Kim Wong Chew on How God Was Faithful to These Chinese Families in the American South

Image: Copyright 2021 Giant Flashlight Media. Baldwin Chiu, producer and lead subject, in Far East Deep South. Dir. Larissa Lam.
Image: Copyright 2021 Giant Flashlight Media. Baldwin Chiu, producer and lead subject, in Far East Deep South. Dir. Larissa Lam.

What kind of accent is that?

People saw my Chinese face and heard my Texas drawl. And in their minds, it didn’t add up, even though my family had been in the United States for three generations. But I was proud of my Southern accent and my family’s story in America that it contained.

I saw strong echoes of my family’s history in Far East Deep South (available on or the PBS app through June 3), a documentary that follows the Chius, a Chinese American family exploring their ancestors’ history in the Mississippi Delta.

At the start of the film, Baldwin and Edwin Chiu have little knowledge of their Southern history and their grandfather’s relationship to the white and Black communities. They travel as adults to the Mississippi Delta with their father, Charles Chiu, after learning that their grandfather, K. C. Lou, was buried in a small town along the river. They connect with locals who share stories and pictures of K.C. and historians who help paint the broader context of their family’s story.

Many of us have learned key details of family history as adults. Some older generations purposely hold onto secrets, not eager to relive shame, agony, or violence. Others don’t take intentional time to share. And yet, as my family, the Chois, and the Bible remind us, practicing vulnerability with our children and grandchildren is what enables us to tell the story of how God has worked through our lives and what enables our communities to heal.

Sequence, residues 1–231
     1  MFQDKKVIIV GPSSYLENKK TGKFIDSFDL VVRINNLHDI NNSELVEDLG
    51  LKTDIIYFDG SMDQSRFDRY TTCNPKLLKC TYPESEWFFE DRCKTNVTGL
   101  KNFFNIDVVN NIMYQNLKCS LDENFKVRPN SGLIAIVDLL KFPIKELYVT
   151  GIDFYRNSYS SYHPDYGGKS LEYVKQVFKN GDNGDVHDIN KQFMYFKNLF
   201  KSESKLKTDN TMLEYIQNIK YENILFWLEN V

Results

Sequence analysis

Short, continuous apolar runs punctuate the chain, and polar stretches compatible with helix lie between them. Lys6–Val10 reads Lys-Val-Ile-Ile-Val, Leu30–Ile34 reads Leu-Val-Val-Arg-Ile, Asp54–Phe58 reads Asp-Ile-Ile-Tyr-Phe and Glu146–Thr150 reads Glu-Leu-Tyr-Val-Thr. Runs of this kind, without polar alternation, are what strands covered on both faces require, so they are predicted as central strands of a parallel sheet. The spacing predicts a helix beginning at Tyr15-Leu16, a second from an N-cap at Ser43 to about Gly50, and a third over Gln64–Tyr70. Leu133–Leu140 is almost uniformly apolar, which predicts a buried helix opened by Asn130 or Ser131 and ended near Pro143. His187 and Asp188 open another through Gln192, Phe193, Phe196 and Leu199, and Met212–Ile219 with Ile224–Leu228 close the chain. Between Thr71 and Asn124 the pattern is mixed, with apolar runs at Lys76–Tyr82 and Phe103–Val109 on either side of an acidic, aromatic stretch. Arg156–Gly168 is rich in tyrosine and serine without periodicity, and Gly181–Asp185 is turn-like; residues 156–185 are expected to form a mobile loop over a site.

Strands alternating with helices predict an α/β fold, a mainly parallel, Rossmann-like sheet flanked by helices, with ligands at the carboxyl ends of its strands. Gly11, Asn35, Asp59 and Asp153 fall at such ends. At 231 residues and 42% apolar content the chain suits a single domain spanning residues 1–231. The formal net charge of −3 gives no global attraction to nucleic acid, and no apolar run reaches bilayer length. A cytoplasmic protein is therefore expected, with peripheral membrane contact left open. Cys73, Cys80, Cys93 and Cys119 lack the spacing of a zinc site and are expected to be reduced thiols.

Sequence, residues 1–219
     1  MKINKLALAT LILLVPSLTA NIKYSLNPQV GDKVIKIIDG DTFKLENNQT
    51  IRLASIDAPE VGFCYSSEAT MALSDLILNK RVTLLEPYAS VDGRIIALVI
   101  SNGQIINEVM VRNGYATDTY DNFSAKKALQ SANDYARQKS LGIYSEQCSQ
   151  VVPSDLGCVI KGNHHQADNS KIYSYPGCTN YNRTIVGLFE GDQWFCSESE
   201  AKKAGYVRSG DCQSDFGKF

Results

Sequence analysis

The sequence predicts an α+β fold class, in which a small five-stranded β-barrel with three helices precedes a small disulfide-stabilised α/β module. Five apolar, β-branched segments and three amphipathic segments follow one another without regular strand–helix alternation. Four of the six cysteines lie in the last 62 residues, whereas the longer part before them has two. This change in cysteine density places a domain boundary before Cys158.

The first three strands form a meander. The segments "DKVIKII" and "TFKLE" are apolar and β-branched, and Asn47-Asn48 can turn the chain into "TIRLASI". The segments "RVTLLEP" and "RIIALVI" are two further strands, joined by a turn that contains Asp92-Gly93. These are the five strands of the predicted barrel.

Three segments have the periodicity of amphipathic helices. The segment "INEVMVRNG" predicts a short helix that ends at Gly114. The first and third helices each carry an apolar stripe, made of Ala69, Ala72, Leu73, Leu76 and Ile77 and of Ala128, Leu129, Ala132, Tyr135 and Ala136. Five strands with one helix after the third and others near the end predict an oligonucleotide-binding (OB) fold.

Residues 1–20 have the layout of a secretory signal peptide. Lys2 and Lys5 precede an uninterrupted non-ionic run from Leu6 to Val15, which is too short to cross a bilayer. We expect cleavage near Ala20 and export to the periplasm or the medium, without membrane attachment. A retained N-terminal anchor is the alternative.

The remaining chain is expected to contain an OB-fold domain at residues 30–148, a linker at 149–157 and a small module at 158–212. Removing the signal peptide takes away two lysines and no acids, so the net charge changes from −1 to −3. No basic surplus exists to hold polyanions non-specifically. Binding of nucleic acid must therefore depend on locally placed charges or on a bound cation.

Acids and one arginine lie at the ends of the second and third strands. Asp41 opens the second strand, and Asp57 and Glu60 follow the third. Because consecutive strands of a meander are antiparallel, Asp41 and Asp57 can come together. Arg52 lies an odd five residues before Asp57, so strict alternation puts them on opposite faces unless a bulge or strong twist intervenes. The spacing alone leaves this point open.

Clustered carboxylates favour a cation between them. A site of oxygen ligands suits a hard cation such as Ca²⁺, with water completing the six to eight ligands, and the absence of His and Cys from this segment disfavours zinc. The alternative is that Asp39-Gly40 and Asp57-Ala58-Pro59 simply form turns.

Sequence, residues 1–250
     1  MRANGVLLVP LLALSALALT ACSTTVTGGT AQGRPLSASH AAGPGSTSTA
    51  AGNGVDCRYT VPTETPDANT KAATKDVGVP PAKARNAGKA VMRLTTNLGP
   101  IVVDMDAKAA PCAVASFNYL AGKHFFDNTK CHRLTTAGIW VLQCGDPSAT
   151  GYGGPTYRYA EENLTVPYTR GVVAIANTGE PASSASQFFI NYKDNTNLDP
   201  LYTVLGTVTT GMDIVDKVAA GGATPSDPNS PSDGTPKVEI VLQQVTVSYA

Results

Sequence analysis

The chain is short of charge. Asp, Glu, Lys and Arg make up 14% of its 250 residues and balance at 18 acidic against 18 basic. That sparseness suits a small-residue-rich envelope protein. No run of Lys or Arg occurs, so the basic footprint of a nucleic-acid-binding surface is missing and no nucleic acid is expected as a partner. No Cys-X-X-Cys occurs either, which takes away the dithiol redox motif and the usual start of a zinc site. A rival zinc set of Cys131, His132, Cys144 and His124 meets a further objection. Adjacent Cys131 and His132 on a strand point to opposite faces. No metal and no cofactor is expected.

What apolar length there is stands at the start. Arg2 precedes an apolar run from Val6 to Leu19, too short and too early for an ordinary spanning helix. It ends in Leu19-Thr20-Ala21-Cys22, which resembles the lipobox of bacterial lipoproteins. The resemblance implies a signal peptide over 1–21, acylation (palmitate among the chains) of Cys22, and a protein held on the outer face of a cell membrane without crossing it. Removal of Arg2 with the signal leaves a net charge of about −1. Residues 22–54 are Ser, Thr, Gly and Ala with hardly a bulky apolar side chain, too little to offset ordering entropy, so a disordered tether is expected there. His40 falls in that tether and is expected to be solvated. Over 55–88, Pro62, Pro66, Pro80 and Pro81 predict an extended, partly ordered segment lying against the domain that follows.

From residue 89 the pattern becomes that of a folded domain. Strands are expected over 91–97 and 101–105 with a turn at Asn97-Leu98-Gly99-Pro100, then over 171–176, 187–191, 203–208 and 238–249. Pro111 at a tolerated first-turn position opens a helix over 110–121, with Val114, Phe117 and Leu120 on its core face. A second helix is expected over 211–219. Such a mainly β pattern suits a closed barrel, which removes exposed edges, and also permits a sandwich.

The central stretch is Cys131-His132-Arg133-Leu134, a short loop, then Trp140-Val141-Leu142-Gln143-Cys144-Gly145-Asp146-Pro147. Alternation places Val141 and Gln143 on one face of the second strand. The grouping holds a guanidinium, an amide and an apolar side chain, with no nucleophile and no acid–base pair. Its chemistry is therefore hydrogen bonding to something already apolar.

Sharing a family’s history often means educating about the larger historical context that your ancestors waded through. In the case of the Chius, their great-grandfather, Chas J. Lou, was born in the US in 1877, eight years after thousands of Chinese laborers finished the transcontinental railroad and five years before the Chinese Exclusion Act went into effect, which banned nearly all immigration from China.

These political realities had very personal consequences. Because Chas was an American citizen and considered a merchant rather than a laborer, he was able to bring in his son, K.C., in 1919. But K.C. couldn’t bring his wife or their son, Charles, who were in China. (Charles ultimately did not arrive until 1952.) Not knowing his father’s story, Charles believed K.C. never cared about him. But in a poignant moment in the film, he learns his father once wrote to his friend, “I would give up 20 years of my life to have my kids with me.”

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Source: Christianity Today